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Email Guidance – Establishing IRAs for Young Children

Posted by James M. Carlson
Mar 06 2019

Q-1 We had a gentleman contact us wanting to open an IRA for his six grandchildren who. are minors. He would make contributions into their account for last year and this year. My question is this... can we open an IRA for a minor? He mentioned having their parent sign the IRA docs for them and making them an UTMA IRA if possible. We've never done anything like this. Any information you can provide would be greatly appreciated.

A-1 There is no federal law requiring a child be a certain age in order to establish an IRA. A baby actor or a child actor will benefit by establishing an IRA. A child is eligible to establish an IRA as long as the child has compensation- earnings from a job or because there are self-employment earnings. Having compensation is the key requirement. This is, of course, a tax issue for the child, parents and the grandparent. Did each child earn compensation for 2018 and wil each earn compensation for 2019. A child with a certain amount of income is required to file a federal income tax return even if no tax is owed.

I believe it can be very beneficial for a child who has definite proof of compensation to make an IRA contribution. The law is unclear as to whom is eligible to make the IRA contribution. The conservative approach is- the grandparent gives the funds to the child or who then makes the IRA contribution. The law is not clear that a third party other than an employer or a spouse has the right to make an IRA contribution for some one else.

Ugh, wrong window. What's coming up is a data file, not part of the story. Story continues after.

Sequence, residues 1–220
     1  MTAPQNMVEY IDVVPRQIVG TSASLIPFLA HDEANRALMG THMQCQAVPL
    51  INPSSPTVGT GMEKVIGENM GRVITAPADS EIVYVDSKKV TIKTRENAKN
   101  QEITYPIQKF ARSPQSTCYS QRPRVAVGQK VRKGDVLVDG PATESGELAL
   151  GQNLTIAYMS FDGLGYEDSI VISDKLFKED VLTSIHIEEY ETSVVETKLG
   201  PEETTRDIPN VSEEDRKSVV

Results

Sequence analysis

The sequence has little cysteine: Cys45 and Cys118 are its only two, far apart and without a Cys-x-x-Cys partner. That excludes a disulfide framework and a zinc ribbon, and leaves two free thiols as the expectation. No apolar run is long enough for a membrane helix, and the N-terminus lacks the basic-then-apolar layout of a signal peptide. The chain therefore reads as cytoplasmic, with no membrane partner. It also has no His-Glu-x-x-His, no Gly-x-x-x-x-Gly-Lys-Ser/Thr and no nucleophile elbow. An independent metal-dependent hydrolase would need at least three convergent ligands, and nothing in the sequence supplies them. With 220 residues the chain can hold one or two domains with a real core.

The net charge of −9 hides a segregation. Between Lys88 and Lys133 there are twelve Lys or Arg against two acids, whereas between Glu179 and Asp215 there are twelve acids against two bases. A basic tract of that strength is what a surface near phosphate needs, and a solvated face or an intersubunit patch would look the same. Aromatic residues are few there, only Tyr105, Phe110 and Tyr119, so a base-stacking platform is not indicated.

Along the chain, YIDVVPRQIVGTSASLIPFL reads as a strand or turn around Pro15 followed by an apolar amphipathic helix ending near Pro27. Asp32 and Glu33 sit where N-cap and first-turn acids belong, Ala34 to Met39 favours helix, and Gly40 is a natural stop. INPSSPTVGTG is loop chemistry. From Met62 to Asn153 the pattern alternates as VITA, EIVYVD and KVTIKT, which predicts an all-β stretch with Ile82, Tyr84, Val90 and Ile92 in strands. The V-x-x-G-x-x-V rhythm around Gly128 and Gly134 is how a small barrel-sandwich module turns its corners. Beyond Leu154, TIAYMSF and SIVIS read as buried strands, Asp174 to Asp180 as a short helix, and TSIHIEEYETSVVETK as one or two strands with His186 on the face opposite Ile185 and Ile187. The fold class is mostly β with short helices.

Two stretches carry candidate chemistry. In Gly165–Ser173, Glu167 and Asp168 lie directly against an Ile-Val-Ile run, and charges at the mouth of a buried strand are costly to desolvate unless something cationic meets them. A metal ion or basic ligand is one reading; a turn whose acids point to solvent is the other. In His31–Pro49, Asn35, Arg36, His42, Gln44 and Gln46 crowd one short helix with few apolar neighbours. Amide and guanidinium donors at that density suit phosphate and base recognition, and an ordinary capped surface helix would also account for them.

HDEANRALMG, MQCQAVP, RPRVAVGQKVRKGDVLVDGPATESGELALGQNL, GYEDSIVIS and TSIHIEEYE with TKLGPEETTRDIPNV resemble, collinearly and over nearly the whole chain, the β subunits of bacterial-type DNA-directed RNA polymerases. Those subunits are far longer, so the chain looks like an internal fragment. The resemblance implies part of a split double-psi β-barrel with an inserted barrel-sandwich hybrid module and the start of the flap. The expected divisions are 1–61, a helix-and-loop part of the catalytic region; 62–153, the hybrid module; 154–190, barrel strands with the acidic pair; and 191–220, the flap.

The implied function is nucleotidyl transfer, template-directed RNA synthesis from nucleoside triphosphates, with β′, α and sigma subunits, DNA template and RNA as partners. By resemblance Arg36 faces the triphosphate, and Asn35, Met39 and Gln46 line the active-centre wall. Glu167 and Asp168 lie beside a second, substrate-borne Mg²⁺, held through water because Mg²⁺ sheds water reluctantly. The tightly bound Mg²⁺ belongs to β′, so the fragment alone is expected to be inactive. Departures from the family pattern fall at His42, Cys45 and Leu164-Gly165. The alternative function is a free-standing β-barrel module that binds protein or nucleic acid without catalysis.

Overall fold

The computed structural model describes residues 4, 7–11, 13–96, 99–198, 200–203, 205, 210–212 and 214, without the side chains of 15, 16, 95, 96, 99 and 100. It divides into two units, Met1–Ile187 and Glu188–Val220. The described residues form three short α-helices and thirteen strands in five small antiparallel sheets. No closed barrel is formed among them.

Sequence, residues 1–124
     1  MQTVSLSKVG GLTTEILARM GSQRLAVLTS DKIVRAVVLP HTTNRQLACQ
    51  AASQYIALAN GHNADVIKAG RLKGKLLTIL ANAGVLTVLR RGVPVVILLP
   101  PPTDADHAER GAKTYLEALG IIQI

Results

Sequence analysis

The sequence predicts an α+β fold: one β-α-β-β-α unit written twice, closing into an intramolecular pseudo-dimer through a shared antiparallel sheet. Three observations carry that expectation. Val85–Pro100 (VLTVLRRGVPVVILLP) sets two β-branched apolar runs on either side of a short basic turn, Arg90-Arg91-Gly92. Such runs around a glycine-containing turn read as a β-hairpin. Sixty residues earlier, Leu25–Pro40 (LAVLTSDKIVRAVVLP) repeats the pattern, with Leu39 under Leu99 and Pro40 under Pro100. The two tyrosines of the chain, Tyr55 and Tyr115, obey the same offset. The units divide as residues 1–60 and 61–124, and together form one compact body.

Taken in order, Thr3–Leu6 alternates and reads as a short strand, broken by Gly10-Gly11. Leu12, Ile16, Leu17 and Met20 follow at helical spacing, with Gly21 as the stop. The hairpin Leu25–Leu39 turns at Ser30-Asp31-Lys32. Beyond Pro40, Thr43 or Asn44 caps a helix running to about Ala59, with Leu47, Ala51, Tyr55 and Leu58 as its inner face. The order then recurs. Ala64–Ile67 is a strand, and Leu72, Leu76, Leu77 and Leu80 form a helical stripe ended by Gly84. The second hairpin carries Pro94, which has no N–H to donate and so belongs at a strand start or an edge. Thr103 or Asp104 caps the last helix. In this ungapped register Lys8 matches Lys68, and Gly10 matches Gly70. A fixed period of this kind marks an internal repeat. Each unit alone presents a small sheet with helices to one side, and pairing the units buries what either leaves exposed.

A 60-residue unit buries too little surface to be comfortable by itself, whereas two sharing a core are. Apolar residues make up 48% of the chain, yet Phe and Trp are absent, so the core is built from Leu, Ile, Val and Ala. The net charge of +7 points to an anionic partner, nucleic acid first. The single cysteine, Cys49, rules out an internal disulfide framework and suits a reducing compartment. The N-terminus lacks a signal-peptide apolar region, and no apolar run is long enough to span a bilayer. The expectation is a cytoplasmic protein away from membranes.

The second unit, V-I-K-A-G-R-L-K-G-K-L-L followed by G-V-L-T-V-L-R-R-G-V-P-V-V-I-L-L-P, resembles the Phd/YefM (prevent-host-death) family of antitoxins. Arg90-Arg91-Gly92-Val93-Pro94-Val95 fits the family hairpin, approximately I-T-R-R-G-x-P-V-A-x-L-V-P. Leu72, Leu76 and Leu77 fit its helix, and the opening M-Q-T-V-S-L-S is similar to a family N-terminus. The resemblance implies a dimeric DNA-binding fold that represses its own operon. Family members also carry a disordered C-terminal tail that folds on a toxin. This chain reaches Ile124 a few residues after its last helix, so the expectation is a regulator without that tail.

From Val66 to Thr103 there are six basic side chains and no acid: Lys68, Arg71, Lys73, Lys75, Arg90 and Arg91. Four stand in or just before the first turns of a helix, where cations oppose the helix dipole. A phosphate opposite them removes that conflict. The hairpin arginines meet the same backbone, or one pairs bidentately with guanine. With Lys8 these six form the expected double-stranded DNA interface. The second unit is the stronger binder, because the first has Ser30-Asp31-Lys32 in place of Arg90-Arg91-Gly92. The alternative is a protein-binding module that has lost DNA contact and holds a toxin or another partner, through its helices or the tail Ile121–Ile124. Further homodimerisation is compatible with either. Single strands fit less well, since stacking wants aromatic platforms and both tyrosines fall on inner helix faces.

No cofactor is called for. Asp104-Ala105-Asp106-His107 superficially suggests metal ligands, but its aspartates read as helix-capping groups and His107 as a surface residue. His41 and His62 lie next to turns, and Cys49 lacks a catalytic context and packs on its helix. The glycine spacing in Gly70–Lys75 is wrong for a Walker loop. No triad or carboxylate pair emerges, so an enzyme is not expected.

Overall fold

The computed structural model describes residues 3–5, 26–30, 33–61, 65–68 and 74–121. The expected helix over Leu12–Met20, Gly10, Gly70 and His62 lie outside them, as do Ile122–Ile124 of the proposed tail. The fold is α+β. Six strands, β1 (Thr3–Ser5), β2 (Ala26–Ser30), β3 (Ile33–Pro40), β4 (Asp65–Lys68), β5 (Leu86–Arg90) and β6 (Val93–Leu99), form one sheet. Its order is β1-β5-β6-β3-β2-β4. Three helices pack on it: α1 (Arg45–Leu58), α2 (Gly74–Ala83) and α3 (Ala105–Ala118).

Caveat. An excess IRA contribution situation exists if a person makes an IRA contribution or has one made on their behalf when the person has no compensation. The law assesses a 6% excise tax each and every year the excess IRA contribution(s) remain in the IRA. Interest and penalties would accrue each year the 6% excise tax is not paid. I don't believe there is any statute of limitations applying to excess IRA contributions.

I presume the bank has procedures regarding when it will allow a minor to have a banking account. When will a parent's signature be required or requested? These are issues for the bank's attorney.

Most states have laws that provide a minor who executes a contract has the right to void that contract. My personal opinion is, as long as the IRA contributions go into saving or time deposits the risk to the bank is minimal.

The grandparent should understand that once the money is contributed to the IRA it is owned by the child and the child has the right to withdraw the funds. Could an IRA plan agreement be modified to give the parent authority over distributions? I don't believe so. It may be done with respect to an inherited IRA but not the child's own IRA.

Each child should designate both primary and contingent beneficiaries.

The grandparent, of course, could decide to not give additional funds to a child if distributions were taken.

Are the IRAs being established Roth IRAs or traditional IRAs? There may come a time in the future where the IRS will decide to set up an exam program for Roth IRAs set up when a person was very young. I suggest the bank have some documentation that the bank had no role in the decision to make these IRA contributions other than sharing this email.

Categories: Email Guidance